Management Planning and Ethics

1121 Words5 Pages
Bateman and Snell (2003) state that "planning is the conscious, systematic process of making decisions about goals and activities that an individual, group, work unit, or organization will pursue in the future" (Planning and strategic management, p. 108). There are several levels in the planning process. Strategic planning involves setting long-term goals and is a function traditionally employed by top-level management. Newer models of strategic planning tend to involve all levels of management. Examples for strategic planning include profitability and productivity. Tactical planning is carried out by mid-level management and focuses on the required actions to achieve the strategic goals. At this point, the planning process is divided into…show more content…
When applied well, it can be a powerful tool in improving a company 's ethical climate. Ethics programs provide guidance in addition to the ethics code. They are responsible for implementing the guidelines that were established. This can include ethics training, development of policies, investigation of violations and allegations, and disciplinary actions. My organization maintains an ethics code, which is printed in the employee handbook. It covers all the standard points as far as employee conduct and corporate environment are concerned. However, the company lacks follow-through in the form of ethics programs. There is no existing ethics training or program in any form. Complaints of a minor nature are not always investigated thoroughly, which leads to a lack of motivation on the employees ' part to lodge a complaint. Ethics do not seem to play a vital role in the planning process of my organization.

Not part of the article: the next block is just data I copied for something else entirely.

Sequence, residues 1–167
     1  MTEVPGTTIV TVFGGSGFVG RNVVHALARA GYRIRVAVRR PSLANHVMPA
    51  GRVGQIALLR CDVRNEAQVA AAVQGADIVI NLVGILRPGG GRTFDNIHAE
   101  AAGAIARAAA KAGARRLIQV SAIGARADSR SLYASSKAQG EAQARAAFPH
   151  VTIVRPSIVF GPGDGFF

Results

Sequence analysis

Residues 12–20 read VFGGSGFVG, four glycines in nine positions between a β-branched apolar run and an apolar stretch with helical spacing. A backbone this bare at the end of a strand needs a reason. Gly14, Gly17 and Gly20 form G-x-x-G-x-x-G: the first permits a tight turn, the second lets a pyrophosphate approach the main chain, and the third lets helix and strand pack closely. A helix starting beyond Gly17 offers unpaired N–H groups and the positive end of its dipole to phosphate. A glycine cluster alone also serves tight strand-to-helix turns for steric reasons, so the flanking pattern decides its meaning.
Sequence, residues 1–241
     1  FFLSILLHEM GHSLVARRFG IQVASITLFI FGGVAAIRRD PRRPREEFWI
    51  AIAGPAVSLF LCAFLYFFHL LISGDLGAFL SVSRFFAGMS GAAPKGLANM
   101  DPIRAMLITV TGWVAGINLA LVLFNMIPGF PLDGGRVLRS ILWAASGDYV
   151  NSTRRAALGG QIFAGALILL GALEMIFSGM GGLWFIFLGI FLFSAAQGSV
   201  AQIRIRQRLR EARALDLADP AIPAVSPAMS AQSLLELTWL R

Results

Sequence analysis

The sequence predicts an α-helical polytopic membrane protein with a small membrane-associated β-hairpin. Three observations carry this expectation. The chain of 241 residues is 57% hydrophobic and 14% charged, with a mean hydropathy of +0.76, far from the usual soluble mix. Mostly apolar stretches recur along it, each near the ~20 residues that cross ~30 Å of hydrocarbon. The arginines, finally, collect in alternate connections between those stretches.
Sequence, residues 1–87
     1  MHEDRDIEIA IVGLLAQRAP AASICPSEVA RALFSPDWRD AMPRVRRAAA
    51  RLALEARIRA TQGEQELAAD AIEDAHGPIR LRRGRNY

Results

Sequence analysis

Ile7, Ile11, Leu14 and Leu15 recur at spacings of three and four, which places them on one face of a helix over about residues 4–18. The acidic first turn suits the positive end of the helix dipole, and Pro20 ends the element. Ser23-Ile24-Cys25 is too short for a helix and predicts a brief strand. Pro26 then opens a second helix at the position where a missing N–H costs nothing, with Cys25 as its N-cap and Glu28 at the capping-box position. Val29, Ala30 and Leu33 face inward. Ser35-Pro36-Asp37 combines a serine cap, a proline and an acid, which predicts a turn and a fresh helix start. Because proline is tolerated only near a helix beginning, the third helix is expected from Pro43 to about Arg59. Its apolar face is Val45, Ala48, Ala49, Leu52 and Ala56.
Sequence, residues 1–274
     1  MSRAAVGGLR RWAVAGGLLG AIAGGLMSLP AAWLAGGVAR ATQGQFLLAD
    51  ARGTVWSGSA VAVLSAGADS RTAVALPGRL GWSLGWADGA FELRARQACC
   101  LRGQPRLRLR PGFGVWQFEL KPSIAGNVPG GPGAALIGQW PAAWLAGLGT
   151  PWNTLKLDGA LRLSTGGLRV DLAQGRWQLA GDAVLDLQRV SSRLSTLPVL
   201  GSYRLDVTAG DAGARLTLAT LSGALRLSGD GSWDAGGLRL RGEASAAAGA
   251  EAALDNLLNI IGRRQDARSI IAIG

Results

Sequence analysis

Corporate social responsibility is the responsibility a company takes on beyond its own economic benefit. Wikepedia (2006) states that it is "a company 's obligation to be sensitive to the needs of all of the stakeholders in its business operations" (Corporate social responsibility, para. 1). Stakeholders according to Wikepedia (2006) are all entities that might have influence on a company 's decisions. However, it should be pointed out that corporate social responsibility surpasses charitable donations and
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